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January 6, 2011- Najaf, Iraq: Shiite worshipers perform the evening prayer at the holly shrine of Imam Ali in Najaf, Iraq on Thursday January 6, 2010. In 2004 Muqtad al-Sadr's Mehdi Army took over the shrine and fought American forces in the city in a bloody battle. Residence of the city have a mixed feeling about Muqtad's return as a result of this legacy. Anti-American Muqtada al-Sadr led Shiite resistance fighters against the American lead forces in several bloody battles before fleeing into exile in Iran over four years ago. His return to Iraq is being welcomed by his supporters.

Iran vying for leadership of Shi’ites in Iraq

A top Iranian Shiite cleric visited Najaf and his aim was to raise his profile as a replacement for Sistani.

In early September, Ayatollah Mahmoud Hashemi Shahroudi, a senior Iranian official and cleric, flew to the holy city of Najaf in southern Iraq. His entourage included a sizable security detail and the former head of the Revolutionary Guards, the most powerful military force in the Islamic Republic.

Shahroudi, 69, spent several days on a charm offensive meeting officials, clerics and seminary students at his office near the golden dome shrine of Imam Ali, one of the world’s holiest Shi‘ite sites.

His aim was to raise his profile as a replacement for the top Shi‘ite cleric and most powerful man in Iraq: the 87-year old Ayatollah Ali Sistani, according to current and former Iraqi officials.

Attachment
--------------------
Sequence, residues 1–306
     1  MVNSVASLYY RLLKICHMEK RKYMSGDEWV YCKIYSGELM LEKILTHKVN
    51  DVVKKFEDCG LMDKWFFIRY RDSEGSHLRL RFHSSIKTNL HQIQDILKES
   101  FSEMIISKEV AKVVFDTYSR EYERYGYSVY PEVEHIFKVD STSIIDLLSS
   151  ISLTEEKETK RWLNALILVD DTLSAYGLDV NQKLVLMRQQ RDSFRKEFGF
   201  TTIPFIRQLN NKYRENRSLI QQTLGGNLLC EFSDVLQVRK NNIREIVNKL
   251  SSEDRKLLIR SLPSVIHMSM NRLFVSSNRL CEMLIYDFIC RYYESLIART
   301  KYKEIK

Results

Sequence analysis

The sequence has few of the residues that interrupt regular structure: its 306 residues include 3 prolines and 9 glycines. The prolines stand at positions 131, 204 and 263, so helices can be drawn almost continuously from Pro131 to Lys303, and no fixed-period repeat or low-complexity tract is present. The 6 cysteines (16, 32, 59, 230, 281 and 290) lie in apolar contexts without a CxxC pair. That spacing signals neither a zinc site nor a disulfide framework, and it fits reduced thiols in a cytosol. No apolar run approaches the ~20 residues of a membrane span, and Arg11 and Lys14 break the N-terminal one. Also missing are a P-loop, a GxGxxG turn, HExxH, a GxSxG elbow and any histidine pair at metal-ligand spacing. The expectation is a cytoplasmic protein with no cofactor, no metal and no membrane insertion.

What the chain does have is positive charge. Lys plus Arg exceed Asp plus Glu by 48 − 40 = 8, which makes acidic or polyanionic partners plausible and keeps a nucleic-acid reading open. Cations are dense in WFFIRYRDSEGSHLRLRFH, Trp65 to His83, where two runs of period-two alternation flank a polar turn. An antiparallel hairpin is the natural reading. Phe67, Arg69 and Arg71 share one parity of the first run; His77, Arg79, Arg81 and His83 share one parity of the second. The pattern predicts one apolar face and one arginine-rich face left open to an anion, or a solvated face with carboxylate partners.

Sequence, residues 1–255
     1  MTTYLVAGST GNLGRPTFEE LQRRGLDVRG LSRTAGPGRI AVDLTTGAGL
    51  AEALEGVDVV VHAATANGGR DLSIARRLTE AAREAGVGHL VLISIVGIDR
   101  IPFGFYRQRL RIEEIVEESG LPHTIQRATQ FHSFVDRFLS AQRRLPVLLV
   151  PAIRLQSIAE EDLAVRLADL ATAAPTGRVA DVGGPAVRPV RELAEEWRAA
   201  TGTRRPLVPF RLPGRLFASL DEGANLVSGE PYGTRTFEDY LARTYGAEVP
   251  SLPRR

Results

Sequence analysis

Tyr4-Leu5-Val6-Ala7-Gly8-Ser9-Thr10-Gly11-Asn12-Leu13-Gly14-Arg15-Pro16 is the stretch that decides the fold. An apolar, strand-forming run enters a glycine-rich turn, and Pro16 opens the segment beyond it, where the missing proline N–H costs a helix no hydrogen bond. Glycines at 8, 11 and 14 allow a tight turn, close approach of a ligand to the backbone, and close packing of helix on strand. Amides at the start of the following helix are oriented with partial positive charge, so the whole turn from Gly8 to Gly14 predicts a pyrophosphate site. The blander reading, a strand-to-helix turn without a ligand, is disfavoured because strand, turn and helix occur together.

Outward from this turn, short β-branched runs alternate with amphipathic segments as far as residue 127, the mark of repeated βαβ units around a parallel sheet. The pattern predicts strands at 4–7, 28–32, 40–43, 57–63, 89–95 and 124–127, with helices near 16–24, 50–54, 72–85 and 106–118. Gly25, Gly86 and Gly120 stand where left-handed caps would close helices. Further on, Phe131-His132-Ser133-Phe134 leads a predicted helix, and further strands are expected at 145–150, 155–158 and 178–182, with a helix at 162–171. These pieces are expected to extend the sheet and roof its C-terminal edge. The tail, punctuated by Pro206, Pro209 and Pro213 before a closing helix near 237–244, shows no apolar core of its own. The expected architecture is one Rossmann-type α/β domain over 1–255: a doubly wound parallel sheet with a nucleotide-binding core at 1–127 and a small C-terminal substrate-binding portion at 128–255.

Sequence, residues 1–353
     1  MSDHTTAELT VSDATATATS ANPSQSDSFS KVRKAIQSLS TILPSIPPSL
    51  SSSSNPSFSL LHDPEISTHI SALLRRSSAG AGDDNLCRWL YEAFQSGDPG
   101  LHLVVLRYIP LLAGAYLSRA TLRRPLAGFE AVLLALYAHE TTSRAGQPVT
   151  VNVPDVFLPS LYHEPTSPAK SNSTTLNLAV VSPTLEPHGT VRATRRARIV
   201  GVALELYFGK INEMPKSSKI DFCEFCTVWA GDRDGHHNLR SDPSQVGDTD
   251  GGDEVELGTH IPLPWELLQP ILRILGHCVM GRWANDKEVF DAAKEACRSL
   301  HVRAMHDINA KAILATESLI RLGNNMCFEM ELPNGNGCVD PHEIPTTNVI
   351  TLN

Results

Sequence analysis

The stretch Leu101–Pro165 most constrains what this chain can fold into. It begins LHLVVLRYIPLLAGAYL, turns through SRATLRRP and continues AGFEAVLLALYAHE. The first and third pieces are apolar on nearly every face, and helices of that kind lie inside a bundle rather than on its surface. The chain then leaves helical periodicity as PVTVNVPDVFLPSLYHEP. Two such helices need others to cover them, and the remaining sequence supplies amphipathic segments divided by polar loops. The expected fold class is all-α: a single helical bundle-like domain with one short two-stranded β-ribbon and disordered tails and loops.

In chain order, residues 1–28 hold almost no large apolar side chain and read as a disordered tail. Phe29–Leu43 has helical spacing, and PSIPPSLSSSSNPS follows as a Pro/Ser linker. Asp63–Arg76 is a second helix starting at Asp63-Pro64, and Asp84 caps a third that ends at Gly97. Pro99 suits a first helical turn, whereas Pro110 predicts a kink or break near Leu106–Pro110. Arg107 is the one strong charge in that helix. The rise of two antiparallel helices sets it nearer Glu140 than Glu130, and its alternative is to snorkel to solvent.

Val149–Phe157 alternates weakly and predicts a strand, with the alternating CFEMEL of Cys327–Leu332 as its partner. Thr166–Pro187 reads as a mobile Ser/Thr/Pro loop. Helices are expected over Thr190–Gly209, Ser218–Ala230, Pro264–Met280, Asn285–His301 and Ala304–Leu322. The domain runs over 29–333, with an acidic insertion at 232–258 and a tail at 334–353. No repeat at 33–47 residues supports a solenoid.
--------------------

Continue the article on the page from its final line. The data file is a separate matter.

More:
While attention has focused on Iraq’s battle against Islamic State, the country’s future could equally hinge on what is happening in Najaf.

With Sistani’s advanced age and persistent rumors about his health, the question of his replacement has become more pointed.

Iraqi Shi‘ite factions are jockeying to influence who replaces Sistani. Iran, whose population is mostly Shi’ite, backs Shahroudi.

Shahroudi could prove a controversial replacement for Sistani. Senior clergy in Najaf are wary of Iran trying to expand its influence and Shahroudi is viewed with some suspicion, although he could still build support among students.

Since Sistani has distanced himself from Iranian politics some of his followers may not want a replacement who is close to Tehran.

Sources in Najaf were unwilling to go on the record on a matter as sensitive as Sistani’s successor, but a former senior Iraqi official told Reuters: ”The Iranians will try their best.

“It’s not just religious, politics have become part of it. It will decide the fate of Iraq,” the official said.

Read the full article by Babak Dehghanpisheh, on Reuters, November 7, 2017.

Country: Iraq
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